bob lefse (rushomancy), Sunday, 29 October 2017 02:39 (one month ago) Permalink

1TB hard drive is around $50; no-brainer. By the time you fill that up, it's pretty easy too imagine affordable SD cards of the same capacity.

I recommend against low bit-rates or shifting to mono unless you have very specific needs, even if you still have higher res. backups -- i have 3 HDs of my stax (original, and 2 back-ups) and have enough trouble just keeping those updated -- even without worrying which copy has my best MP3s/flacs, etc.

My problem will be when my stax grow beyond 1TB (over 800GB now) -- as i would want 1 HD for each copy -- i've been using older 3.5" HDs that connect thru docking stations of either eSATA or USB 3.0, but my oldest computer is still on Win XP and have trouble with HDs larger than 1TB.

Bulk file conversion very easy in Mediamonkey.

bodacious ignoramus, Thursday, 2 November 2017 19:24 (one month ago) Permalink

itunes

is probably the problem.

campreverb, Thursday, 2 November 2017 19:59 (one month ago) Permalink

What a fucking ballache is my irritable response to all that.

The shard-borne beetle with his drowsy hums (Chinaski), Thursday, 2 November 2017 20:01 (one month ago) Permalink

what's all this about mono? Don't most encoders actually use "Joint Stereo" by default? That is, where left + right are the same, use the allowed bitrate to enhance overall fidelity.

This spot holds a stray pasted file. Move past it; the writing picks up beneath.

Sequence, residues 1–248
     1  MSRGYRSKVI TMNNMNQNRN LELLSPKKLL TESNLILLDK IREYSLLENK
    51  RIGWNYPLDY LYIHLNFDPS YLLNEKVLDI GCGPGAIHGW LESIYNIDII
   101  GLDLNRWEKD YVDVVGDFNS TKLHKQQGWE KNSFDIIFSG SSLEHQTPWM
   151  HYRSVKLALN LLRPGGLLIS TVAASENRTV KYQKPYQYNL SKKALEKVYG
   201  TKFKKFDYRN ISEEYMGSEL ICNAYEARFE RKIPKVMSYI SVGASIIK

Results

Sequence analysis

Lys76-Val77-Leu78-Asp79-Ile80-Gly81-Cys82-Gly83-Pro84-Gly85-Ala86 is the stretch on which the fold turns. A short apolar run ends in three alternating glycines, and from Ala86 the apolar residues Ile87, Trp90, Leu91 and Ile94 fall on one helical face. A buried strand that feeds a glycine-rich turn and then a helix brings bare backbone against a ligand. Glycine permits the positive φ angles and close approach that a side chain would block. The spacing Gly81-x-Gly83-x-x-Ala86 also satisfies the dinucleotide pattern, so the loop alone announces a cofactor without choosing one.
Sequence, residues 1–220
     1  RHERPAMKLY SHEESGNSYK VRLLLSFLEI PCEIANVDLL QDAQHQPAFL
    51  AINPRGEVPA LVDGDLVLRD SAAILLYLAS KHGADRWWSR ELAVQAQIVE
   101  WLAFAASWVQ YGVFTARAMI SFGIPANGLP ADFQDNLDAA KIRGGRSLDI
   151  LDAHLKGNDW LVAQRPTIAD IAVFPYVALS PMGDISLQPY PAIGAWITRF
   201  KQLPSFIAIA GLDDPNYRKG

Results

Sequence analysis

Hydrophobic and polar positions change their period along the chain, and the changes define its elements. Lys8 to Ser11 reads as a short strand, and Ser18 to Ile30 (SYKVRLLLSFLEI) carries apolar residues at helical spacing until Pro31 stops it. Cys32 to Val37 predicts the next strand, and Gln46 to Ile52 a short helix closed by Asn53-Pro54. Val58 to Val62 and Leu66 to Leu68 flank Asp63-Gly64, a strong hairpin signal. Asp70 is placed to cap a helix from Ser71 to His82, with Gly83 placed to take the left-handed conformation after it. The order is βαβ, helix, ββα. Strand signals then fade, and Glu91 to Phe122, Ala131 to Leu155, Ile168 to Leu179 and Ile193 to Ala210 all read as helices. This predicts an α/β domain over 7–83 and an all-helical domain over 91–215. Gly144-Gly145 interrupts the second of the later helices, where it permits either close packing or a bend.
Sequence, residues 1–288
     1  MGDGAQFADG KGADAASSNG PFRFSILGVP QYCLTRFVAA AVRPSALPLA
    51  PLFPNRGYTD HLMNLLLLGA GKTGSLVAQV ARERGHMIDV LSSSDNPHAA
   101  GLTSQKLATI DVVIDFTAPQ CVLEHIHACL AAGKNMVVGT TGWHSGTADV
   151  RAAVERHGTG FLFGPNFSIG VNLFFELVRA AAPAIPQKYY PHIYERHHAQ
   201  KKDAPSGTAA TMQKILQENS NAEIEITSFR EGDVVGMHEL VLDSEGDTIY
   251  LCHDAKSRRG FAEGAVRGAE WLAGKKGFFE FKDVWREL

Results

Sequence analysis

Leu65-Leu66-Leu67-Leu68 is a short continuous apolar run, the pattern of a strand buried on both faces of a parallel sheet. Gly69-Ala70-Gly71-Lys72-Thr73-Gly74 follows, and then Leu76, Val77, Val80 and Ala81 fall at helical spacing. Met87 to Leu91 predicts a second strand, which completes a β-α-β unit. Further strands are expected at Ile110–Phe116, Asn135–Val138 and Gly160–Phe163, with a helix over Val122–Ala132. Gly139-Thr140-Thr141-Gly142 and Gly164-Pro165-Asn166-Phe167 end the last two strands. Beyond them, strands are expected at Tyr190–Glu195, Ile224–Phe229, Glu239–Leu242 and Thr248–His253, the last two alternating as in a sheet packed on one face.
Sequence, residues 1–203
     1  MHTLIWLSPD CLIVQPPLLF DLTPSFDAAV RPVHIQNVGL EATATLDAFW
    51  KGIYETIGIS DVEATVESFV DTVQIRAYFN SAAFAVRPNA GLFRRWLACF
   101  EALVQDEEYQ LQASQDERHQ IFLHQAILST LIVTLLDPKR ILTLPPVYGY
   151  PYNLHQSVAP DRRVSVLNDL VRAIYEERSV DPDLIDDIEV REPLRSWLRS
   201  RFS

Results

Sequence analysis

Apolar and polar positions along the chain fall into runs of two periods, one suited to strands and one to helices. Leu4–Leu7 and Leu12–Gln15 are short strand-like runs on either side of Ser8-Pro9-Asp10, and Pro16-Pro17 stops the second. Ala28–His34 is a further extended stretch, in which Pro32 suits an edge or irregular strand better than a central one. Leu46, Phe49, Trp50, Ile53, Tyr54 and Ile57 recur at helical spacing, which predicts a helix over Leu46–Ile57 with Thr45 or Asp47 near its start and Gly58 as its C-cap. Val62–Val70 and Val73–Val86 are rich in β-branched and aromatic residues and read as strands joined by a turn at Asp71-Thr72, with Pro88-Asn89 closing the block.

maffew12, Thursday, 2 November 2017 22:04 (one month ago) Permalink

That's not joint stereo.

Joint stereo is where they encode the one channel as an absolute and encode the other channel as a delta. It's more efficient than encoding both channels absolutely but it is capable of exactly reproducing the input, nothing is lost.

koogs, Thursday, 2 November 2017 22:27 (one month ago) Permalink

http://wiki.hydrogenaud.io/index.php?title=Joint_stereo

chihuahuau, Friday, 3 November 2017 00:14 (one month ago) Permalink

Actually, I think that is what maffew is describing. And there are more things called 'joint stereo' than just the one I mentioned. (But all rely on the fact that the two channels will be nearly the same a lot of the time)

The bloke had already said he doesn't want an external drive, or an internal one. And that these aren't the masters. It's safe to transcode then down. But I'd wait until my disc was 90% full at least.

koogs, Friday, 3 November 2017 04:55 (one month ago) Permalink

I'd definitely prefer using a cloud service for backup rather than buying more external hdds

Currently I'm on the 100gb google drive plan, I downloaded the desktop client and am placing all my non-system files in the drive folder

This works flawlessly and saved all my files when my SSD crashed for no reason 6 months ago

The 1tb plan is 8£/month, if I was maintaining a digital music collection I'd use that for backup

niels, Friday, 3 November 2017 07:09 (one month ago) Permalink

But I'd wait until my disc was 90% full at least.

― koogs

Windows, at least, runs like crap with anything less than 15% drive space, and <10% is unbearable.

The 1tb plan is 8£/month, if I was maintaining a digital music collection I'd use that for backup